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Year : 2003  |  Volume : 69  |  Issue : 2  |  Page : 131-132

Hair loss in cancer chemotherapeutic patients

Dept. of Skin & STD, Kasturba Medical College and Hospitals, Manipal - 576 119

Correspondence Address:
Dept. of Skin & STD, Kasturba Medical College and Hospitals, Manipal - 576 119


The hair loss in 8 cancer patients aged between 18 and 60 years on chemotherapy was studied. All had diffuce moderate alopecio within 1 month of starting treatment. Of the 8, 3 had only telogen hairs and 3 had high dystrophic hair count. Both anagen and telogen effluvium are implicated.

How to cite this article:
Chadha V, Shenoi S D. Hair loss in cancer chemotherapeutic patients. Indian J Dermatol Venereol Leprol 2003;69:131-2

How to cite this URL:
Chadha V, Shenoi S D. Hair loss in cancer chemotherapeutic patients. Indian J Dermatol Venereol Leprol [serial online] 2003 [cited 2020 Oct 25];69:131-2. Available from:

   Introduction Top

Cancer chemotherapeutic agents like doxorubicin and vincristine cause severe alopecia, methotrexate and cyclophosphamide to a lesser degree and cis-platin not al all.[1] These drugs cause dose related inhibition of multiplying matrix cells causing narrowina of the keratogenous zone and consequent thinning of the shaft. The hairs lost during the anagen stage show thinned tapering roots without a sheath i.e. dystrophic hair. Our aim was to study hair loss and trichogram in cancer patients receiving chemotherapy.

   Materials and Methods Top

A gentle pull test was done where 8-10 hairs were grasped between the thumb and index finger and firm steady traction was applied along the length of the hair. More than 4 hairs being pulled out indicated active shedding. Forcible hair pluck test was done where 25 hair shafts from 5 sites on the scalp were grasped 1 cm from the surface with a rubber tipped hemostat and forcibly plucked out in the direction of hair growth. Hair roots were then studied under the microscope.

   Results Top

All 8 patients had diffuse, moderate alopecia. Hair loss was noted from 10 days to a month after starting chemotherapy and was prominent over frontal, vertex and parietal areas. Pull test was positive in 5 cases. All cases showed variation in diameter of hair shafts. Out of 8 patients, 3 had only telogen hairs and 3 showed high dystrophic hair count [Table - 1].

   Discussion Top

All patients had hair loss within 1 month after the onset of chemotherapy which suggested anagen effluvium. The trichogram results in 3 patients suggested a telogen effluvium either due to the stress of the disease or due to chemotherapy. It is also possible that anagen hairs were already shed, leaving telogen hairs. Three cases showed a high dystrophic hair count. The fall which was initially severe continued during the course of treatment.
Alopecia is one of the most traumatic side effects of cancer chemotherapy and changes in self-concept and body image can develop.[2] Hair loss following chemotherapy is termed 'anagen effluvium' and is defined as the loss of dystrophic anagen hairs within several days of a metabolic insult due to abrupt decrease or cessation of reproduction of matrix cells.[3]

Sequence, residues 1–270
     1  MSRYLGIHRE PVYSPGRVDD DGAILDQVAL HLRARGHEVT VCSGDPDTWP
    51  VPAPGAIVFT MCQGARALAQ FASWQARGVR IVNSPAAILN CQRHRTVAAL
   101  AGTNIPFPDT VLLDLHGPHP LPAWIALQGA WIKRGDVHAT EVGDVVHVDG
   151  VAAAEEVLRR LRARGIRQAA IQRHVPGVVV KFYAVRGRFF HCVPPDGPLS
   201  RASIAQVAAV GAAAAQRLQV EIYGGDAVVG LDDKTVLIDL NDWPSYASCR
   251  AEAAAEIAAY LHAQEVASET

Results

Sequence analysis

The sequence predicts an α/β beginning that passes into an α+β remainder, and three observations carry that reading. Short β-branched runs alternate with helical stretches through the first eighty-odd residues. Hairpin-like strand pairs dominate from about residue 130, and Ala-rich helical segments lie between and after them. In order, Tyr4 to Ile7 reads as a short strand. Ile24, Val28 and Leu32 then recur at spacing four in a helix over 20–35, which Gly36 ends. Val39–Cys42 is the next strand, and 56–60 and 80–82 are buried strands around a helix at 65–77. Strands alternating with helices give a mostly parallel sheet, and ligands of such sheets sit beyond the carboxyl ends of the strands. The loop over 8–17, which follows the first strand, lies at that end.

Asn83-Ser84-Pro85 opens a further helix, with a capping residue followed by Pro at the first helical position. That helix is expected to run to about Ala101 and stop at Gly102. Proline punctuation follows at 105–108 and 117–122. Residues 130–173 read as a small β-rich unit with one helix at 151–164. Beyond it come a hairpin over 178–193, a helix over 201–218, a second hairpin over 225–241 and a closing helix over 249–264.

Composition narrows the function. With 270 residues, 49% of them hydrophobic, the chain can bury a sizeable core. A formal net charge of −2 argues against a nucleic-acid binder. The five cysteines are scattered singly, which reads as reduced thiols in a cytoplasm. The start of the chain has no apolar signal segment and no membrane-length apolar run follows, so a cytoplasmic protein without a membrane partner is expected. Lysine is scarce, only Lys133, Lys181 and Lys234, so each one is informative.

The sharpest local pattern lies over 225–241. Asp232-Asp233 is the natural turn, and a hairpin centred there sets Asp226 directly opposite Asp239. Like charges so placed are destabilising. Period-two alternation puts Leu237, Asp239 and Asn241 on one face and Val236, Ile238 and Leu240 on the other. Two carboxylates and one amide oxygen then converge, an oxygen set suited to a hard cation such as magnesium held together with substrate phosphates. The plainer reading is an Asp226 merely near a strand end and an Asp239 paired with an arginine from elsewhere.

Various measures have been tried to prevent hair loss. Topical minoxidil has been found to decrease the duration of alopecia by chemotherapy.[4] Cooling the scalp immediately before and for a long tine after administration of drug bolus is another common approach and found effective.[5] However it may not work when multiple drug regimes or very high doses of individual drugs are used. In animal models, topical agents such as Imuvert,[6] cyclosporin A[7] and 1,25­dithydroxyvitaminD3[8] have prevented chemotherapy-induced alppecia. 

   References Top

1.Wheelock JB, Myers MB, Krebs HB, et al. Ineffectiveness of scalp hypothermia in the prevention of alopecia in patients treated with doxorubicin and cis-platin combinations. Cancer Treat Rep 1984; 68: 1387-1388.  Back to cited text no. 1    
2.Munstedt K, Manthey N, Sachsse S, et al. Changes in self-concept and body image during alopecia induced by cancer chemotherapy. Support Care Cancer 1997; 5:139-143.  Back to cited text no. 2    
3.Spencer V, Callen JR Hair loss in systemic disease, In: Dermatologic Clinics. Hair disorders: Edited by Mitchell AJ, Krull EA, EB Sounders Co, Philadelphia, 1987; 565-570.  Back to cited text no. 3    
4.Duvic M, Lemak NA, Valero V, et al. A randomized trial of minoxidi in chemotherapy-induced alopecia. J Am Acad Dermatol 1996; 35: 74-78.  Back to cited text no. 4    
5.Katsimbri P, Bamis A, Pavlidis N. Prevention of chemotherapy inducec alopecia using an effective scalp cooling system. Eur J Cancer; 26, 766-771.  Back to cited text no. 5    
6.Hussein AM. Chemotherapy induced alopecia. New developments South Med J 1993; 86: 489-496.  Back to cited text no. 6    
7.Hussein AM, Stuart A, Peters WP. Protection against chemotherapy induced olopecia by cycloporin A in the new born model. Dermatologt 1995; 190:192-196.  Back to cited text no. 7    
8.Jimenez JJ, Yunis AA. Protection from chemotherapy induced alopech by 1,25-dihydroxyvitaminD3. Cancer Res 1992; 52: 5123-5125.  Back to cited text no. 8    


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